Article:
Results 1  10
of
15
When trees collide: An approximation algorithm for the generalized Steiner problem on networks
, 1994
"... We give the first approximation algorithm for the generalized network Steiner problem, a problem in network design. An instance consists of a network with linkcosts and, for each pair fi; jg of nodes, an edgeconnectivity requirement r ij . The goal is to find a minimumcost network using the a ..."
Abstract

Cited by 212 (31 self)
 Add to MetaCart
We give the first approximation algorithm for the generalized network Steiner problem, a problem in network design. An instance consists of a network with linkcosts and, for each pair fi; jg of nodes, an edgeconnectivity requirement r ij . The goal is to find a minimumcost network using the available links and satisfying the requirements. Our algorithm outputs a solution whose cost is within 2dlog 2 (r + 1)e of optimal, where r is the highest requirement value. In the course of proving the performance guarantee, we prove a combinatorial minmax approximate equality relating minimumcost networks to maximum packings of certain kinds of cuts. As a consequence of the proof of this theorem, we obtain an approximation algorithm for optimally packing these cuts; we show that this algorithm has application to estimating the reliability of a probabilistic network.
Sublinear Time Algorithms for Metric Space Problems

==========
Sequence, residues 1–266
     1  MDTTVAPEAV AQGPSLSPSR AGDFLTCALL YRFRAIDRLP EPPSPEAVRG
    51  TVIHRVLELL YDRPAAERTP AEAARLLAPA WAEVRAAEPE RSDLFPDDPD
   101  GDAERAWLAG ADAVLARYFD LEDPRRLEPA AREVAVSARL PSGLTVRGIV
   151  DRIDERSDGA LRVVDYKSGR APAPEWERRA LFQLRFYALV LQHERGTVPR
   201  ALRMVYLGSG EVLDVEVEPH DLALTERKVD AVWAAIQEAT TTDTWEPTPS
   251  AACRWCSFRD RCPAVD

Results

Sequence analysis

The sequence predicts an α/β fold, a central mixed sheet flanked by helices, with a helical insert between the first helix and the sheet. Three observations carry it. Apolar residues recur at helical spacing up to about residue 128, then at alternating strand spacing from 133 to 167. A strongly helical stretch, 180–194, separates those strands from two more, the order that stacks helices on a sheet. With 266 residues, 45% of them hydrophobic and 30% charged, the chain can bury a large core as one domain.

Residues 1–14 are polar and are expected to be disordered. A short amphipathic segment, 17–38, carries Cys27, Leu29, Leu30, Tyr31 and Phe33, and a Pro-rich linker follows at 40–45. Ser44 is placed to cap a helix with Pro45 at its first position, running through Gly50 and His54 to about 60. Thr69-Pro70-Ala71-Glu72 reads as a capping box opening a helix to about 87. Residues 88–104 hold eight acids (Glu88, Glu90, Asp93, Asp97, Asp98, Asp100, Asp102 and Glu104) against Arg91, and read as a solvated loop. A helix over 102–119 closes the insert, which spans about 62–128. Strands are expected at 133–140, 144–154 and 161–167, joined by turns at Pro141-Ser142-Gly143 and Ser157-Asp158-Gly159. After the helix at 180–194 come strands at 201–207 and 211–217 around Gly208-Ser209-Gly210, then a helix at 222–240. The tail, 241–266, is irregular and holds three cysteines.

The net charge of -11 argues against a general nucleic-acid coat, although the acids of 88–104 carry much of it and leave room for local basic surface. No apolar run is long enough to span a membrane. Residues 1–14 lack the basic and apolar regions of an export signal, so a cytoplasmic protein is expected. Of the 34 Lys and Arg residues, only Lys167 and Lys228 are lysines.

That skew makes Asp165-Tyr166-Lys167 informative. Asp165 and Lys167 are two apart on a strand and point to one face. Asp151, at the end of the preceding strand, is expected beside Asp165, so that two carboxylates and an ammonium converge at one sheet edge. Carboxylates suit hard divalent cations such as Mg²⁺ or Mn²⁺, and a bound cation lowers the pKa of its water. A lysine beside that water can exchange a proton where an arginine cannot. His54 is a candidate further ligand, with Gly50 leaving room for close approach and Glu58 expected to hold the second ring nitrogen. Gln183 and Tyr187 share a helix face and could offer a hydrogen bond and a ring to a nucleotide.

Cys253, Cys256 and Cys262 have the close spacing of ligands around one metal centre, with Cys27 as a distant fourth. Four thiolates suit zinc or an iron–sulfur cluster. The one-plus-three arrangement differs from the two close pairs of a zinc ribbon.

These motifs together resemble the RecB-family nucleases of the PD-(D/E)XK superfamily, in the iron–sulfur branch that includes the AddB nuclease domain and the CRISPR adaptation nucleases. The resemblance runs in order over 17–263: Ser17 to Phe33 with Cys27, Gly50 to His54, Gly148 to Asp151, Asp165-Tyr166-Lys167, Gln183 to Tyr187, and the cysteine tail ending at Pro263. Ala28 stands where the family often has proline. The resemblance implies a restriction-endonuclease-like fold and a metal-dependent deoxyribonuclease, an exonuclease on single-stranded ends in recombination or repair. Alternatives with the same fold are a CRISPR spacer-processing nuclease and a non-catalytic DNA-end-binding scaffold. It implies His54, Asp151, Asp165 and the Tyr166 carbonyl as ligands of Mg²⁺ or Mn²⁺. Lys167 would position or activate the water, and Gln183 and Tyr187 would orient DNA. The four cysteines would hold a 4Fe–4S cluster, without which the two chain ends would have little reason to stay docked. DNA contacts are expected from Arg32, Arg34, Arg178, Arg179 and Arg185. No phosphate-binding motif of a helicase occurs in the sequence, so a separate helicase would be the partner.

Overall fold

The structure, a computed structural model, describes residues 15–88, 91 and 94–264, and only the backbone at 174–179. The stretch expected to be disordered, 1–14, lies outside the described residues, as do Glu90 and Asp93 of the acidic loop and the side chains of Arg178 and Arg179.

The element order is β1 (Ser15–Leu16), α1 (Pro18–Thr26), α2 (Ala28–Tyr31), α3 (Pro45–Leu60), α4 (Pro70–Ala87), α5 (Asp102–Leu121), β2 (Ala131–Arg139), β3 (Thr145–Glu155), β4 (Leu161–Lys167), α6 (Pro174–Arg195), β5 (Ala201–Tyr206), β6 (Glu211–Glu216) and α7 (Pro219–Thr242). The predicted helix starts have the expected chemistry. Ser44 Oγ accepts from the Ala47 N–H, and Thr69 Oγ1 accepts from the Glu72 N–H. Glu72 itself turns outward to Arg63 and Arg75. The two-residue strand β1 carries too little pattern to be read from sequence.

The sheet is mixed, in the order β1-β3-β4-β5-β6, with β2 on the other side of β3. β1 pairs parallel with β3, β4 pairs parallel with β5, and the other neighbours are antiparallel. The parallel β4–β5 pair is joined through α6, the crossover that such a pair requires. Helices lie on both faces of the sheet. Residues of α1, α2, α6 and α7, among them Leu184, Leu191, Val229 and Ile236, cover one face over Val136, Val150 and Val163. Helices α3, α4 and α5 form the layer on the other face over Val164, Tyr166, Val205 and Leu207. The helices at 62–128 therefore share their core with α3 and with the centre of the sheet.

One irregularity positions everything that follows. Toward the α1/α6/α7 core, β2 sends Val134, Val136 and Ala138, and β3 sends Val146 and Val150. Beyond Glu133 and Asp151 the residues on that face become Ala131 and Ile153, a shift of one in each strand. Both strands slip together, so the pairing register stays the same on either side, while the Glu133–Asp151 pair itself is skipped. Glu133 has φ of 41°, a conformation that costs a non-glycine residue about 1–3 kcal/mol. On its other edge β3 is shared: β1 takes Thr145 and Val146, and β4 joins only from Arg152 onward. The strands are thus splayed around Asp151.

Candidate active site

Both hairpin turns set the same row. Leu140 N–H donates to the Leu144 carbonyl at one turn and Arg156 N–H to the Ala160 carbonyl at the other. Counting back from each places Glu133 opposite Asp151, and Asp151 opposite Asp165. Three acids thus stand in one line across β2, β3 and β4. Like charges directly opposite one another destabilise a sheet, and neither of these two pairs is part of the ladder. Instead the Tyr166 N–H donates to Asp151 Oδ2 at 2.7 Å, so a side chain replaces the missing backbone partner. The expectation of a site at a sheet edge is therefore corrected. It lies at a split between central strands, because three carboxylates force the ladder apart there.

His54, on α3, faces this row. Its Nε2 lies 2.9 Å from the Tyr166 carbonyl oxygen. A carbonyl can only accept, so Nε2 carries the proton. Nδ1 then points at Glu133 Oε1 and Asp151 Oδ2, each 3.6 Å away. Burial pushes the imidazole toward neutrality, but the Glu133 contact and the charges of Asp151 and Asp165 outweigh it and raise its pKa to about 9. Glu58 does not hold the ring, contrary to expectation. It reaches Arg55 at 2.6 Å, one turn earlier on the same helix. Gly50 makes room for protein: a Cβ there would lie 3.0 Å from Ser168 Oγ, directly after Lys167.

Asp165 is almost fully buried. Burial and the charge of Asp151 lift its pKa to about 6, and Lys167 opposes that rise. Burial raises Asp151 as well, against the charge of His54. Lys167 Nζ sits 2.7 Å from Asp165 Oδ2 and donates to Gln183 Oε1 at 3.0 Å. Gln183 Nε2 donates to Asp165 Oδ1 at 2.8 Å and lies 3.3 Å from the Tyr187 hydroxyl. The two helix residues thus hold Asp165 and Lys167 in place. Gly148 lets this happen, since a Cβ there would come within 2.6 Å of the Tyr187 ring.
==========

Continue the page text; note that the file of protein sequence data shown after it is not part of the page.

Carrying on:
"... In this paper we give approximation algorithms for the following problems on metric spaces: Furthest Pair, k median, Minimum Routing Cost Spanning Tree, Multiple Sequence Alignment, Maximum Traveling Salesman Problem, Maximum Spanning Tree and Average Distance. The key property of our algorithms i ..."
Abstract

Cited by 79 (2 self)
 Add to MetaCart
In this paper we give approximation algorithms for the following problems on metric spaces: Furthest Pair, k median, Minimum Routing Cost Spanning Tree, Multiple Sequence Alignment, Maximum Traveling Salesman Problem, Maximum Spanning Tree and Average Distance. The key property of our algorithms is that their running time is linear in the number of metric space points. As the full specification o`f an npoint metric space is of size \Theta(n 2 ), the complexity of our algorithms is sublinear with respect to the input size. All previous algorithms (exact or approximate) for the problems we consider have running time\Omega\Gamma n 2 ). We believe that our techniques can be applied to get similar bounds for other problems. 1 Introduction In recent years there has been a dramatic growth of interest in algorithms operating on massive data sets. This poses new challenges for algorithm design, as algorithms quite efficient on small inputs (for example, having quadratic running time) ...
A Polynomial Time Approximation Scheme for Minimum Routing Cost Spanning Trees
, 1998
"... Given an undirected graph with nonnegative costs on the edges, the routing cost of any of its spanning trees is the sum over all pairs of vertices of the cost of the path between the pair in the tree. Finding a spanning tree of minimum routing cost is NPhard, even when the costs obey the triangle i ..."
Abstract

Cited by 42 (6 self)
 Add to MetaCart